Sci fi camp and goth action: a spontaneous movie marathon

Turn on the projector, fold out the futon and build a nest of pillows, make yourself comfortable. It’s going to be a long night.

BARBARELLA.

First up, the cult-classic 1968 sci fi flick, AKA of those “great old movies” from my dad’s day, I’m embarrassed to say I watched this with my family as a preteen. I must have blocked out the uncomfortable experience because in rewatching it I really didn’t remember much at all, and what I saw I kept asking “Why would my dad EVER think this was a good movie to watch as a family?” Ha, previous viewing experience aside, this was a poorly plotted, poorly acted and yet thoroughly amusing sexploitation film extolling the Free Love philosophies of the day. Barbarella is on a mission to find Dr. Durand Durand in order to save Earth. I won’t bother with the tediousness of those details since really the substance of the film is in her wardrobe changes and the escapades with various characters she meets along the way. Movie highlights for me included: the shag-carpet interior of Miss Barbarella’s space craft (a newly identified must-have for my future space-traveling self); the jaunty Burt Bacharach-style trumpet soundtrack employed to express when sexual situations are afoot; Pygar the blind angel nodding to his overhead nest where he lives and you can hear the tweeting of little birds as if he’s got some mini-Pygars up there waiting to be fed (alas, not so).

FANTASTIC VOYAGE.

Next, we go back just 2 years to a little bit “harder” sci fi. Poor Raquel Welch seemed rather prudish and just a little bit in the way of the men folk in this movie from 1966. This is a nice US vs the Russians spy/assassin intrigue meets medical/sci fi drama in which a small submarine is miniaturized to the size of one micrometer and injected into a defected scientist who has suffered a blood clot in the brain. Of course shenanigans ensue. The men are brusque and stoic, lots of cigar smoking in the control room. Each scene cut back to them seems to have one of the men drawing some metaphor from the consumables, ie the ant in the sugar (He can’t bring himself to kill it. “That’s right, even the smallest of Life’s creatures …”) — and my comment, Why the Hell is there an ant in the sugar in this hi-tech facility?? — and later when the sugar canister is empty, further opportunity for insightful metaphor. One begins to get the impression that while the scientists are in the mini-sub doing business, these guys are only there for the refreshments. And for some inexplicable reason there are a dozen different medical personnel in gowns and masks all waiting in the room with the comatose patient. Why so many? Inevitably things go awry with the submarine and alternate routes to the brain need to be explored, there’s “surprise” betrayal and then a great save just in time with the ship being abandoned and the good guys swimming to a tear duct to escape at the last moment through a single tear before they automatically resize themselves. This does lead one to question what became of the submarine and the bad man who perished within since even if they had been dismantled by white blood cells, the debris should enlarge and kill the patient anyway. Just sayin’.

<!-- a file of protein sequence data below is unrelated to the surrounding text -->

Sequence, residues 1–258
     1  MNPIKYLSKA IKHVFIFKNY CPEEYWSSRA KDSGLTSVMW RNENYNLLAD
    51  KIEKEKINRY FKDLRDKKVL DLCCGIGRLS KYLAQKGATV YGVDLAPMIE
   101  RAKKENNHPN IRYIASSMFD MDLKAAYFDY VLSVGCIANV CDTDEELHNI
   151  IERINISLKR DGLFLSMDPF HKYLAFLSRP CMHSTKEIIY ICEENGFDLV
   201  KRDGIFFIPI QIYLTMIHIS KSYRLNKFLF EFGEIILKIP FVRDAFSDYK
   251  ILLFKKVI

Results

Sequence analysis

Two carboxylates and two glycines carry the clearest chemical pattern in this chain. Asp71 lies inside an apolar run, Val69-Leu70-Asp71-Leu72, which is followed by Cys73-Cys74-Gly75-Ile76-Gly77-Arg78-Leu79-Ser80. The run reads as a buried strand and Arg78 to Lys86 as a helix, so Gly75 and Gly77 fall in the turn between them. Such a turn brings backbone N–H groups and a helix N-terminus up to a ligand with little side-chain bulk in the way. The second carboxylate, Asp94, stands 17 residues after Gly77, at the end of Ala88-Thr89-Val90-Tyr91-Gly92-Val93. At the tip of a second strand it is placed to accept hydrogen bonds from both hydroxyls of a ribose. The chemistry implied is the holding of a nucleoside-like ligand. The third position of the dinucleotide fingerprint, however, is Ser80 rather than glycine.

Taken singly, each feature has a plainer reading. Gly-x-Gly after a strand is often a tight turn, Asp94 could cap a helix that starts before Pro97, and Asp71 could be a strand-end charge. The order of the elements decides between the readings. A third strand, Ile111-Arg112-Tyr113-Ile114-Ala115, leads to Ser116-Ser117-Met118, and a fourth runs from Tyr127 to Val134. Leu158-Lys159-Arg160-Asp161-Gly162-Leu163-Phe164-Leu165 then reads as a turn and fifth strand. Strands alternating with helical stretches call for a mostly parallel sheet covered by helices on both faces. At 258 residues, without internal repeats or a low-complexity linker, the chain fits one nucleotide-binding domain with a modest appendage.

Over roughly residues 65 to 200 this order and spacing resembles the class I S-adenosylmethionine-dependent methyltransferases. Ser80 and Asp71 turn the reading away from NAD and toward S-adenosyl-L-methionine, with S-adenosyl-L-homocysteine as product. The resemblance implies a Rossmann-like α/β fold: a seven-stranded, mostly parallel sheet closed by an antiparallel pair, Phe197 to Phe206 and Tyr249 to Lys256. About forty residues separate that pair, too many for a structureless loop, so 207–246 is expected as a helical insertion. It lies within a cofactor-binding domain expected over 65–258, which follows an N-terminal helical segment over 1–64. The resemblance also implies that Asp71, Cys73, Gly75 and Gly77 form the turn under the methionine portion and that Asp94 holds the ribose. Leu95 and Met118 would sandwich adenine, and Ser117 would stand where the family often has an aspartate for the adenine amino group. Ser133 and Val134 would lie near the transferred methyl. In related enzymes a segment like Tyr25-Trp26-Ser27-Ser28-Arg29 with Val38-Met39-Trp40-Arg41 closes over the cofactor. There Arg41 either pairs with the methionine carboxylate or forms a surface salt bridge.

IMMORTAL.

We skip ahead to this 2004 French sci fi film which combines a great deal of computer generated surroundings and characters in addition to some real. At first it made me think too much of gaming graphics, but once I got used to them I enjoyed the imagery and the stylings. I gather the film is based on a comic book La Foire aux Immortels, though I’m not familiar with it. The movie plot was entertaining but at times overly complex and confusing. The Egyptian gods were interesting, though Horus quickly became annoying. I loved Jill’s blue hair and makeup, so looking at her got me through some lulls in the story. Overall I enjoyed the movie as a nice background element, but not so much as something to really pay attention to.

UNDERWORLD.

Finally, I decided it was time to pay homage to one of those goth culture must-see’s that I seem to have missed out on. I’ll admit I’ve got a certain fondness for vampires and werewolves, and I too have succumbed to the recent growing popularity of the True Blood HBO series, which is a topic for another time. Point being that it’s not a far stretch for a little vampire/werewolf drama to catch my fancy, and it certainly seemed that the writers invested some energy into creating a sort of mythos, which is intriguing when done even remotely well. Visually, everything was very sleek and stark and sexy, as a good tech vampire movie should be. I really loved the costumes even if I didn’t always care for the people in them. For example, the “vampire regent” Kraven irked me for some reason. His anger was consistently over the top and resulted in a lot of weird scowling faces that grew tedious as his demeanor failed to evolve. On the other hand, I very much enjoyed Selene’s polished composure even if she seemed a little hollow and underdeveloped, she just came off as a badass more so than the others. In other words, I had fun.

And here we are, fold up the futon and put away the blueberries. Friday night marathon is adjourned.

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